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APTA's commitment to transparency in digital health is not only generating interest among digital health companies — it's sparking change. The latest win: a decision by UnitedHealthcare and contractor Kaia Health to stop marketing a Kaia app's services as "physical therapy," given that the Kaia digital musculoskeletal pain program doesn't consistently involve licensed PTs.

The shift was brought about thanks to a letter from APTA national to UnitedHealthcare and an accompanying effort by APTA North Carolina that included a complaint filed with the North Carolina Board of Physical Therapy Examiners by several licensed PTs. After reviewing the APTA national letter and the complaint along with a separate letter sent to UHC by the Federation of State Boards of Physical Therapy, the board filed a complaint with the state's Department of Insurance.

The focus of the letters and complaint was on use of the term "physical therapy" to describe the services provided through the Kaia Health Wellness app, even when those services weren't being overseen by a licensed physical therapist.

The licensing board asked that UHC supply a list of the North Carolina-licensed PTs or physical therapy compact holders providing services to North Carolina residents through the app, which is marketed as "proven MSK care that combines human care with superior technology to achieve better outcomes." The board also requested that United provide access to a regularly updated provider list for review.

In its response, UHC said that it couldn't supply such a list because Kaia is a separate entity that UHC contracts with through Optum, its benefit manager. More important, UHC acknowledged that both Optum and Kaia had used the term "physical therapy" improperly, and that all marketing materials would be revised to eliminate that term.

Mary Hannah, PT, DPT, president of APTA North Carolina and a signatory on the complaint letter, said the success of the effort was largely due to member engagement and the examining board's follow-up.

"APTA North Carolina members keep their eyes open for infringement of our legally protected terms and let the board of examiners know when we notice improper use," Hannah said. "We appreciate the licensing board's work keeping citizens in North Carolina safe, as well as safeguarding the term 'physical therapy' for licensed professionals."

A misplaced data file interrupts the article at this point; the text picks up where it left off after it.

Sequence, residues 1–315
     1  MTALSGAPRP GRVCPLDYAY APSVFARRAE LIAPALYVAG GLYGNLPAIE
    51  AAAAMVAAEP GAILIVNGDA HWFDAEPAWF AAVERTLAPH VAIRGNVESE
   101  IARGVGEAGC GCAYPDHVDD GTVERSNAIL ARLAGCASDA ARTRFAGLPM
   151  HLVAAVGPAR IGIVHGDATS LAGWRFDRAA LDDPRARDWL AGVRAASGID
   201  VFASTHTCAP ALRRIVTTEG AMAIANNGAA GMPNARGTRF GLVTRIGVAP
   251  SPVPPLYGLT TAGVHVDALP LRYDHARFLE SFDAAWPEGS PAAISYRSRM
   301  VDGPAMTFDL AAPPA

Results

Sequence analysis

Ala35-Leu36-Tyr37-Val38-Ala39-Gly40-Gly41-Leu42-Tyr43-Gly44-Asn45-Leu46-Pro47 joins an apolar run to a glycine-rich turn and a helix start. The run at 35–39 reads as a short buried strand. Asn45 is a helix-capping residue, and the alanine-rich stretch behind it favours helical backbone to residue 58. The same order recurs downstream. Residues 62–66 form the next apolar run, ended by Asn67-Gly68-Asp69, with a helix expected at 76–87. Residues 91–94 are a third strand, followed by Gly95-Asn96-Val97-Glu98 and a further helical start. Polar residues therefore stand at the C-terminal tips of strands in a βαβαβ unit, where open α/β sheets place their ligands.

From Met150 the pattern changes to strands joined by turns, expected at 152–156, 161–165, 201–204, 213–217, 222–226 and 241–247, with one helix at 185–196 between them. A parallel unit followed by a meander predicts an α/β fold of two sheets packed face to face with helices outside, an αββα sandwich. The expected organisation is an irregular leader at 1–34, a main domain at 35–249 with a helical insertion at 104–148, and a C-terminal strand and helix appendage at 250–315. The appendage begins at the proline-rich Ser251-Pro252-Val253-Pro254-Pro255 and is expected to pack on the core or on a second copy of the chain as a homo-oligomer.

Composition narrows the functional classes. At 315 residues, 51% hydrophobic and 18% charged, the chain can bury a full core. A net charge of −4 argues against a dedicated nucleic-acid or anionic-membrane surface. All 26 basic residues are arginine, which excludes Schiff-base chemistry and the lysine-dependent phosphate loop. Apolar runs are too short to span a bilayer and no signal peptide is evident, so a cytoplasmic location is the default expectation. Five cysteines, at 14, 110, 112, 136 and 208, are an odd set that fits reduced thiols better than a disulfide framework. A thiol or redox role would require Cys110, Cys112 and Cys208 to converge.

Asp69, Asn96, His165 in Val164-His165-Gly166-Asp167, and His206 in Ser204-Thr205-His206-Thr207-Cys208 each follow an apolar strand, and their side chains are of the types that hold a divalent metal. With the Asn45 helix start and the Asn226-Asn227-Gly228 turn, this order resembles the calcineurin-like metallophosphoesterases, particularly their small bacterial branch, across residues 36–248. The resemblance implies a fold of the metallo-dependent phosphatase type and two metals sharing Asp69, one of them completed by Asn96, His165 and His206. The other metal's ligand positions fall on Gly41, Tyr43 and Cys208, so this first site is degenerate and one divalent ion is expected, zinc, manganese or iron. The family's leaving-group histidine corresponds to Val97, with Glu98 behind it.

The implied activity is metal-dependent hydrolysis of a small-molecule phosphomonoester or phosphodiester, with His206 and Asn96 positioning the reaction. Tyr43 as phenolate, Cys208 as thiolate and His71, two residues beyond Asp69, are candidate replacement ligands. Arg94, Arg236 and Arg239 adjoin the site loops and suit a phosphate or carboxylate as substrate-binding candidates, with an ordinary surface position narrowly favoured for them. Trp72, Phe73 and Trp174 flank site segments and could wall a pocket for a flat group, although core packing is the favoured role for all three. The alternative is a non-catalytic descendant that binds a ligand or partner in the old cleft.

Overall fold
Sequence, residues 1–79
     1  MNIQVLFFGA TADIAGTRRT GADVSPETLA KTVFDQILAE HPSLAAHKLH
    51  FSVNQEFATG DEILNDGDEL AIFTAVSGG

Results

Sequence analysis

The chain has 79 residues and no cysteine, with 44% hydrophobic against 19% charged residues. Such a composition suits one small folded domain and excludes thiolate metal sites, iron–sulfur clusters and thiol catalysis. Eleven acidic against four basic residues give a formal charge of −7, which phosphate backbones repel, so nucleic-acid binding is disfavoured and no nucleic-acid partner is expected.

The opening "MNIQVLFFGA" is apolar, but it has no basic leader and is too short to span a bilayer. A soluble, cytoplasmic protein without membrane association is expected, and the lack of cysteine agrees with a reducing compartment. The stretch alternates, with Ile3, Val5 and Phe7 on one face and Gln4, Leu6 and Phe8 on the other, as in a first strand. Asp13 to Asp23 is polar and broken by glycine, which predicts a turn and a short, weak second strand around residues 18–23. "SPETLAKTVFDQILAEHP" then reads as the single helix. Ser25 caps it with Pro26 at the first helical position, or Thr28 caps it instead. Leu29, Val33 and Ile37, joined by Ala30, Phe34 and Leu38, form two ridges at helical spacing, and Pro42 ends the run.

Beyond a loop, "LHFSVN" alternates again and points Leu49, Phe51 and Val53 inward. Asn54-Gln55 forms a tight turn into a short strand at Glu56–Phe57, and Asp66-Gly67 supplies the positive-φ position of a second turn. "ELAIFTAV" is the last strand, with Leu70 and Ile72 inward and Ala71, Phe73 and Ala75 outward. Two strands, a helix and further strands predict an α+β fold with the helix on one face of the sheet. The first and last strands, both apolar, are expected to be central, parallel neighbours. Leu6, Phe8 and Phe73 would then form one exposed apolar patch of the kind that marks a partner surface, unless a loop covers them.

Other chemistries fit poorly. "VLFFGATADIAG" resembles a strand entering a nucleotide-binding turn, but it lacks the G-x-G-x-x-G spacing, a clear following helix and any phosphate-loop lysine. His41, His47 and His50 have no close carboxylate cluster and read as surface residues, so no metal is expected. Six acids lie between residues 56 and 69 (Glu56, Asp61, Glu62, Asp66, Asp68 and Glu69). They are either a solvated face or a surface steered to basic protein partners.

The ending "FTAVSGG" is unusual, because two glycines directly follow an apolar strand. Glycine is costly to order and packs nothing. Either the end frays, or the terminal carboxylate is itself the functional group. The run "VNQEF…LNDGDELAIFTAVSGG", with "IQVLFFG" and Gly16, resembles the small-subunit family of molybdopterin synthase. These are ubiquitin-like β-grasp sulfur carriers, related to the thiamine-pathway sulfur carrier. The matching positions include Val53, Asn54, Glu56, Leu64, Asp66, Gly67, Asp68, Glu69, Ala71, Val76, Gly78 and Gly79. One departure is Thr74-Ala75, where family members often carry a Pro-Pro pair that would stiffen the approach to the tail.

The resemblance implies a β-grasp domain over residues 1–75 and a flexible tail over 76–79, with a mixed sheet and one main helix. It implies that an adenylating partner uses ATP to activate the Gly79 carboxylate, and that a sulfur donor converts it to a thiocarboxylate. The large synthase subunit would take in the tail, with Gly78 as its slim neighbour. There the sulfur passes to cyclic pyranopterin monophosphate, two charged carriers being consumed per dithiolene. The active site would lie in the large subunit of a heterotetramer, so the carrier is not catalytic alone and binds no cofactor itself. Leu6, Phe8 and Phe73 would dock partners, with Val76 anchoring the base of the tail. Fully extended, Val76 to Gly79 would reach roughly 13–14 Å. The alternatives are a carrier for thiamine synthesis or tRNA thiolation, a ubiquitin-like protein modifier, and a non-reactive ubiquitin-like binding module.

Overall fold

The win for the profession is also consistent with APTA's Digital Health Transparency Campaign, an initiative to bring together leaders in the profession and digital health care to demonstrate a shared commitment to transparency. That demonstration includes signing onto a pledge that digital physical therapy must be "performed or directed by licensed physical therapists in accordance with all regulations and APTA's Standards of Practice for Physical Therapy."

APTA's commitment was articulated in an April 2022 statement from President Roger Herr, PT, MPA, that included recognition of digital platforms’ "great potential" to increase access to care, along with the association’s assertion that care must be consistent with laws and professional regulations, include a high level of consumer protection, and "advance quality practice provided by licensed health professionals in accordance with their professional obligations and state defined scope of practice."

[Want to learn more about digital health care and physical therapy? Check out "The Digitally Enabled Therapist: An APTA Foundational Paper," a new APTA resource that explores the current digital health landscape.]

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